I can't see anything in those equations re pot holes, rough roads, and load... perhaps I missed it or perhaps it needs more maths proof [​IMG]


    Yeah, dont forget to design for blast loads from nearby explosions and the return trajectory loads in case the cart needs to be launched from Ukraine to the Philipines for "emergency use" too... [​IMG]

    There is really no limit to how many load cases... If you find a standard to stick with and over design a bit (some standards even define how much to over-design) you should be fine. But... check with your supervisor for those, allthough some academic supervisors tend to say "yeah thats an excellent idea, so now design me a standard for these carts too! [​IMG]"

    Standards are an on-going work that have alot of theoritical and experimental knowledge that you can use to design stuff. If you find a combination of those to use then it should be simple afterwards with defining dimensions etc. Materials availability is important too. Basically if you define what you are designing in fine detail then you probably got a good start point to start checking standards etc.

    But for that application maybe bicycle standards are not enough I think... maybe just use parts of a car design standard or a cart or wheelbarrow design standard (if such a standard exists). There are also sometimes some "additional" guidelines for designing stuff. I checked one once and it was starting with something like "after you have created a "something" that complies with the EN-standards, you should also consider..." and then were another 60 pages of guidelines for design. Not as much for loads etc but manufacturing processes etc...
     
  14. Eichers

    Eichers New Member

    Joined:
    Sep 17, 2010
    Messages:
    541
    Likes Received:
    4
    Hi alienator, [​IMG], but the OP might be, so perhaps lukeevans can PM you (directly) because it would appear that you know everything! ... and yes, Alfeng is correct [​IMG]

    Hi lukeevans please let us know if you would only like to communicate solely with alienator or that you are happy to communicate with the rest of us via this thread [​IMG]

    thanks KL [​IMG]
    (@alienator, please do not PM me!)

    Hi All, is there an ignore list on this forum ... thanks KL [​IMG]
     
  15. Eichers

    Eichers New Member

    Joined:
    Sep 17, 2010
    Messages:
    541
    Likes Received:
    4
    Hi alienator, you had to PM me, didn't you, and be insulting in the PM. Please know that it has been reported... thanks KL [​IMG]
     
  16. CAMPYBOB

    CAMPYBOB Well-Known Member

    Joined:
    Sep 12, 2005
    Messages:
    11,945
    Likes Received:
    1,036
    Damn! I NEVER get PM's from the little douche nozzle!

    Remember, KLabs, he's the assclown that admitted that he had a wheel with low spoke tension that resulted in him sucking his Campy Record derailleur right into those "ideally tensioned" spokes as the wheel flexed laterally!

    All his rhetoric and formulae went flying right out the government shutdown window as his expensive gear changer wound itself up in his expensive, but not properly tensioned, wheel. The wheel he claimed pro racers couldn't tell if it was stiff or flexible in double-blind 'scientific' tests. The wheel you could loosen all the spoke nipples up 2-1/4 turns without affecting lateral stiffness according to 'Da Chart'â„¢.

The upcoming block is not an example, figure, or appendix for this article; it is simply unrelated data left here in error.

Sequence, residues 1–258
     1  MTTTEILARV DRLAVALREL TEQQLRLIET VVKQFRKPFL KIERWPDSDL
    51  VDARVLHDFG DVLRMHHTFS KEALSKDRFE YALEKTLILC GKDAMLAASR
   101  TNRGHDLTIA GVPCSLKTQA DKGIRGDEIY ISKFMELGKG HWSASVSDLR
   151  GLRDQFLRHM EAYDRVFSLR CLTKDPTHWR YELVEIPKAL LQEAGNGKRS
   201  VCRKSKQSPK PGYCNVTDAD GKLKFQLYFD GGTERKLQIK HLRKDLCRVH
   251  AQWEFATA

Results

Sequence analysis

Union of Unconcerned Scientists! Unconcerned with reality and common sense.

    C'mon, nookums! Post us up some pikchars of your destroyed derailleur and spokes! Show us your scientific literacy!

    Whadda nimrod!
     
  17. lukeevans

    lukeevans New Member

    Joined:
    Mar 22, 2013
    Messages:
    8
    Likes Received:
    0
    Hi All,

    Thanks for the responses!

    I've actually got all of the BS documents for the bicycle and there are no specific documents on wheels, there is a BS for rims, and another for spokes, but nothing for the hubs other than the screw thread to be used for the free hub. In fact, the spokes have the same british standards for motor cycles as they do for cars as they do for bicycles.

    Vertical loading on a bicycle wheel can carry a ridiculous amount of weight, each spoke has a tension of around 1000N/1200N. In a static model you could say that the forces are shared between four to 8 spokes, that gives approx 400 to 800kg per wheel! of course a wheel is moving so the forces are dynamic and that is part of the problem with modeling a wheel.

    I don't think I was clear enough for my original post, I have already attempted to design a vehicle, and failed as I couldn't get past understanding the bicycle wheel.

    There is very little scientific data out there on bicycle wheels, other than the excellent Jobst Brandt "The Bicycle Wheel", MIT's "Bicycling Science", or going back to the 1896 when Archibald Sharp explains the physics of the bicycle in his book "Bicycles & Tricycles: A Classic Treatise on Their Design and Construction" there is not much out there.

    When searching research papers through the university search system reveals very little out there, but I am sure there must be something.

    Alienator appears to have either read something on stiffness not being related to the lateral strength of a wheel (or maybe calculating that from first principles?) but, the spokes tension is acting at an angle, so surely the overall stiffness of the wheel will be affected as there will be a greater holding force on keeping the wheel rim in place? Does that stiffness equation not only apply to a material in one plane? whereas we are talking about a number of objects working together in a dynamic way. If it was something you read could you point me in the direction? as that is what I am fishing for here, ideas and leads :)

    I agree that to be able to design an actual wheel that can hold more weight it will no longer be a bicycle wheel, but the question is where does it fail? bicycle wheel manufacturers do not have this data in the public, and the few which I contacted last year could not tell me how much lateral force it could take. I was asking bmx wheel manufacturers as I thought that they would be by far the strongest, but they could not tell me where the failure would occur, would it be the hub, the spokes or the rim?